2 May 2013
Finland: a SEPA showcase for other countries (part 1)
Finland has been 100 per cent SEPA Credit Transfer (SCT)-proof since 2011, long before the deadline of February 1st in 2014. Why did Finland feel the need to migrate as soon as possible? Marianne Palva, Senior Advisor in the Financial Stability Department at the Bank of Finland, explains in this first blog post why Finland was an early SEPA adaptor and the problems it had to overcome. In the next blog post she will expand on the role of the different stakeholders in the migration process.
Marianne Palva primarily works on issues related to financial market infrastructures and payments. She also represents the bank of Finland in the Payment and Settlement Systems Committee of the Eurosystem & European System of Central banks (PSSC) and is chairing the core group of the SEPA stakeholder forum in Finland. Saying that she knows SEPA very well is an understatement.
Finland was early in the migration process and can be seen as a showcase for other countries. But why was this country so fast in changing its payments structure? “Good question,” says Marianne Palva. “Finnish banks saw SEPA coming and decided to get the work done. A short migration period is in the interest of everyone. Prolonging the migration only incurs additional costs for everyone, as two systems would have to operate in parallel for a longer period.”
Migration to SCT was completed in 2011, but that does not mean that the job is finished. Marianne Palva: “We are still working on replacing the legacy direct debit with services based on e-invoicing and SCT. Conversion has started and should be completed on time, before February 2014. We don’t use SEPA Direct Debit (SDD) much.” As an example, SDD accounts for less than 10 per cent of the transactions in Finland, while SCT accounts for more than 90 per cent. “Overall, we are very close to being 100 per cent SEPA-proof.”
No SDD, but e-invoicing
Finland uses e-invoicing instead of SDD. The reason why Finland decided to replace the legacy direct debit with e-invoicing and direct payments is two-fold. Already for some years, large buyers and suppliers as well as the public sector have tried to eliminate paper invoices and convince consumers to use e-invoicing services offered by banks. “Initially they had little success, although volumes are growing now. E-invoicing between companies is already used more widely than traditional paper-invoicing.”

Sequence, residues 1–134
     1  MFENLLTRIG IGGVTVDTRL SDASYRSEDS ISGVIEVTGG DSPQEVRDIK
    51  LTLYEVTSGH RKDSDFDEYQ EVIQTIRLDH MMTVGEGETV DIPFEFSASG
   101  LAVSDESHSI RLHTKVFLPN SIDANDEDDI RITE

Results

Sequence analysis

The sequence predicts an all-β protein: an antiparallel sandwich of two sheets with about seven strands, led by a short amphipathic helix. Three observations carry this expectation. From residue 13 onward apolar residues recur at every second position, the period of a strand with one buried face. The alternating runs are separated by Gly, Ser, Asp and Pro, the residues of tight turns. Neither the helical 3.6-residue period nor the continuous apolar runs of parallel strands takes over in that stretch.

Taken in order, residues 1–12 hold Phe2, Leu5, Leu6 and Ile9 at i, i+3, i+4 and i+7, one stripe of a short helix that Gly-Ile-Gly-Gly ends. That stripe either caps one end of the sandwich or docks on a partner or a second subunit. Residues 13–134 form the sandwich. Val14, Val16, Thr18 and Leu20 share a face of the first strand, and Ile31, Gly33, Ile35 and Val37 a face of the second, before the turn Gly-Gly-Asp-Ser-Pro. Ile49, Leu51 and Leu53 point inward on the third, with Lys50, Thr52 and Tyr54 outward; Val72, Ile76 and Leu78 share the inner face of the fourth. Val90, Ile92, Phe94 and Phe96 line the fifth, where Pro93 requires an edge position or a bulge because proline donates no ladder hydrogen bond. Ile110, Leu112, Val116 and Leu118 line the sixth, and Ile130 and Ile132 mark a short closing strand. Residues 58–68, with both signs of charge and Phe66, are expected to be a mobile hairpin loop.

Another reason was that the legacy direct debit was based on mandates given by the payer to his bank. The payer’s bank checked the mandate before debiting a direct debit transaction. The end-date regulation enhanced consumer protection. It allowed the payer to block any direct debits to his/her account or to block any direct debits initiated by one or more specified payees or to authorise direct debits only initiated by one or more specified payees. This is not the case under SEPA SDD. Palva: “There is no central database for mandates and Finnish companies did not want to take over the mandate handling.”
On the debtor side all banks offer SDD as required by the regulation. “For the time being, only a few banks offer SDD Core or B2B services to billers. More banks might start offering the services later, depending on the demand for the services.”
Another difference in the migration process between banks and consumers are the SCT transactions. The SCT migration for companies and public authorities using electronic interfaces with the banks, which is quite different compared to the migration of consumers or small businesses using only Internet banking. Already in 2011, 99,4 per cent of all transactions were forwarded to the banks electronically.
Before migrating, companies and public authorities had to update their software and customer information in databases (IBAN & BIC) in order to be able to send (ISO 20022 compliant) SCTs to their banks. Companies also had to update their invoices, payment forms and the bar code on the invoice/payment form with information on IBAN and BIC.
Crucial role software providers
Consumers and small businesses using Internet banking only had to adapt to using IBAN. Banks have already been offering conversion from BBAN to IBAN in the Internet banking applications to help the users. In addition, the Finnish Social Insurance Institution supported this move by requiring IBAN already in 2009 for paying out social benefits. Bank identifier codes have never been required from domestic SCTs users.
The role software providers played was crucial. “In order for companies to be able to migrate, they needed SEPA compliant systems. So, software companies had to update their programs to comply with SEPA requirements and provide converters.”
Software companies also played a vital role in testing banks’ interfaces. Not as actual ‘testers’, but helping companies with problems when interfacing banks. Although banks had agreed to implement the EPC B2B standards in consumer-facing interfaces, there were differences in the interpretation of the standards. “Similar problems seem to occur also related to the B2B implementation in Europe.”
In the second part of this blog Marianne Palva will elaborate on the role of the stakeholders and the work that needs to be done in the near future.